Legend

According to legend, Ravana, seeking to appease Shiva, performed intense penance in the Himalayas, offering nine of his heads as sacrifices. When he was about to sacrifice his tenth head, Shiva appeared and granted him a boon. Ravana asked to take the “Kamna Linga” to Lanka and to bring Shiva along.

Shiva agreed but warned that once the lingam was placed, it couldn’t be moved. The celestial gods, worried about Shiva leaving Kailash, sought help from Vishnu. Vishnu instructed Varuna to enter Ravana’s stomach while he performed achamana.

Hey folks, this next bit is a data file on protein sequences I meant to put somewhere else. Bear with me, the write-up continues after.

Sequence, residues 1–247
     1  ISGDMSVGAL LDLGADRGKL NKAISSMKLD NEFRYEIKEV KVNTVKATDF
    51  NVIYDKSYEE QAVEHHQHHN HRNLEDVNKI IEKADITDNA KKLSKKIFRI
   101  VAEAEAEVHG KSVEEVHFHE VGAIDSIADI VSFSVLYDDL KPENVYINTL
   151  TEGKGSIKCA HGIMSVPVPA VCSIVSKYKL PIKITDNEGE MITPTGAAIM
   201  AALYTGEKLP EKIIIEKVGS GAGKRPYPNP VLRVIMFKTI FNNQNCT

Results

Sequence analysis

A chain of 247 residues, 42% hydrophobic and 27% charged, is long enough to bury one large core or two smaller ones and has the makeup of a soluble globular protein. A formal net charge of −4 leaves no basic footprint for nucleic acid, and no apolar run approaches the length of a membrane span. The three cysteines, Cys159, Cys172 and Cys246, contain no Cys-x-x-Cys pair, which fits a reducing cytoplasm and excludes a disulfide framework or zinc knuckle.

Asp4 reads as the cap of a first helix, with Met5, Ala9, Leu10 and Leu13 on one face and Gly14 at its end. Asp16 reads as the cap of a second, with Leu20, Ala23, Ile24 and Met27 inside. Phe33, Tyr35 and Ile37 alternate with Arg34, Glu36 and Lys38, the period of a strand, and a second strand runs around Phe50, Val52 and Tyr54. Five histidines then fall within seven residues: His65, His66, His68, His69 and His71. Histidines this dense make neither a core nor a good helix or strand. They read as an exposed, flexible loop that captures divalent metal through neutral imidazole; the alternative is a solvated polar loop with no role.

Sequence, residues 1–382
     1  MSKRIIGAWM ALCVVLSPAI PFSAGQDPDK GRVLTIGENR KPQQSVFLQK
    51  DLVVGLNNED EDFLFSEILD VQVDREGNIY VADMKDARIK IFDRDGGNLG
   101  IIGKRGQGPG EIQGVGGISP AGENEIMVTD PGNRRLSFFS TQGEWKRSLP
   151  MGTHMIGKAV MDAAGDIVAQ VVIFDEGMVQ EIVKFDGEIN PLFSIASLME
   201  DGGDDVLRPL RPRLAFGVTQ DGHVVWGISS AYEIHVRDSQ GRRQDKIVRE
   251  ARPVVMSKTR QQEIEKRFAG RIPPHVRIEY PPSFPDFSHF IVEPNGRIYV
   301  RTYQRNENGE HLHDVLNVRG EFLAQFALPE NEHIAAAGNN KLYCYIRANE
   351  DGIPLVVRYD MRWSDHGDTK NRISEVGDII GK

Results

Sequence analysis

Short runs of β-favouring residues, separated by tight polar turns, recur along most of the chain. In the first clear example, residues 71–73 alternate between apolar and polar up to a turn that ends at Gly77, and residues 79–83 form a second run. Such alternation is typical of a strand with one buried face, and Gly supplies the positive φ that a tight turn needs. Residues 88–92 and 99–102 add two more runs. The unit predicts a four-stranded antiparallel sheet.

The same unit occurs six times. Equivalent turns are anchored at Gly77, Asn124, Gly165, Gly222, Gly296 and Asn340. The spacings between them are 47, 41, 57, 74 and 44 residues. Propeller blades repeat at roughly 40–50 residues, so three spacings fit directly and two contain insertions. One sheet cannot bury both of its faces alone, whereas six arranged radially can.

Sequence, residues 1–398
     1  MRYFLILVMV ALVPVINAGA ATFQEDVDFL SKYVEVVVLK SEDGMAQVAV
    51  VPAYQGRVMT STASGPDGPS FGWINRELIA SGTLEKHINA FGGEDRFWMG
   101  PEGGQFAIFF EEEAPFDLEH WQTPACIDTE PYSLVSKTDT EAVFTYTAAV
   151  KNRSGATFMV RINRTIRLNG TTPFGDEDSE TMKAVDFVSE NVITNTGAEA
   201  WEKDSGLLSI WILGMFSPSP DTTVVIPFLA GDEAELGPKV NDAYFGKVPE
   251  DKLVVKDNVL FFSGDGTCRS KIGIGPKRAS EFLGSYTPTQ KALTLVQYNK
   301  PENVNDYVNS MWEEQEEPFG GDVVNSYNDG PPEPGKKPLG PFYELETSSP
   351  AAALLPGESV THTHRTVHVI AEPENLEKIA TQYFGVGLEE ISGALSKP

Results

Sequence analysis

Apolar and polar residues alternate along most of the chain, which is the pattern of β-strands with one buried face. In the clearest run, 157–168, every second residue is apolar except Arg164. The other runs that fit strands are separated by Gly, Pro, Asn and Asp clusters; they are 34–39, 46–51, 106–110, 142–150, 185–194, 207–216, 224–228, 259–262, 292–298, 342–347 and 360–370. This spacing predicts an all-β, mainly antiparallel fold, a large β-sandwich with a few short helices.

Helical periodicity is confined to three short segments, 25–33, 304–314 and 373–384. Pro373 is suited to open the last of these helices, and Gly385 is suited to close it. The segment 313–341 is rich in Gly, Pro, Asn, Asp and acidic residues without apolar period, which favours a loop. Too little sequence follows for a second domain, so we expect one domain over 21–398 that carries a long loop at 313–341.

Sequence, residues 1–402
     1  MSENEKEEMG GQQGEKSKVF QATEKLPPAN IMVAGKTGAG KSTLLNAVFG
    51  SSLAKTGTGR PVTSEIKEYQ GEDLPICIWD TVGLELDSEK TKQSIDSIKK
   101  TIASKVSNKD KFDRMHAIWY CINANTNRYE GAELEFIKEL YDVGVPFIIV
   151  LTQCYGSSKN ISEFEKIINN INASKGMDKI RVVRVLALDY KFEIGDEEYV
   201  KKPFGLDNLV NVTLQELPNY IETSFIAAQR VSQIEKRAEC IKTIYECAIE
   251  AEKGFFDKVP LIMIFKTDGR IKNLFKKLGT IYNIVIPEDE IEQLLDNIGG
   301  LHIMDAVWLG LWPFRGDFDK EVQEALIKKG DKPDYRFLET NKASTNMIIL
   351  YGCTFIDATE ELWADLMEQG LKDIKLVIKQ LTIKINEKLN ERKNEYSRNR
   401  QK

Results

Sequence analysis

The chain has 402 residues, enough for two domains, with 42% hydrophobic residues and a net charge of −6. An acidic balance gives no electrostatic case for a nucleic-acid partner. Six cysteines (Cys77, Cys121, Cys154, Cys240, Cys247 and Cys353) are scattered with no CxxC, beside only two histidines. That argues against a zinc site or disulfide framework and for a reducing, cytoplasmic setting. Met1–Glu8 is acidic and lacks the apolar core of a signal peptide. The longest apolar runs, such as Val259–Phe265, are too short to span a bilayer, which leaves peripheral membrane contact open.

As Ravana journeyed with the lingam, he felt the urge to urinate near Deoghar. Vishnu, disguised as a cowherd, handed him a lingam and then made him wait a long time by delaying his relief. Annoyed, Ravana left the lingam on the ground and pressed his thumb on it before leaving, damaging it.

The lingam was worshipped by Brahma, Vishnu, and other deities, and the Baidyanath Temple was built. Since then, Shiva has resided in Deoghar as the Kamna Linga.

Location of Baidyanath Jyotirlinga Temple

Ancient scriptures like the Dwadasha Jyotirlinga Stotram and the Shiva Purana identify the location of Jyotirlinga, describing it as situated in ‘Chitabhoomi,’ which historically was a place associated with funeral rites and tantric practices. The temple of Baidyanath is situated in Deoghar, Jharkhand, and is one of the three temples claiming to be the authentic site of the Vaidyanath Jyotirlinga, the others being Shri Vaijnath Temple in Maharashtra and Baijnath Temple in Himachal Pradesh.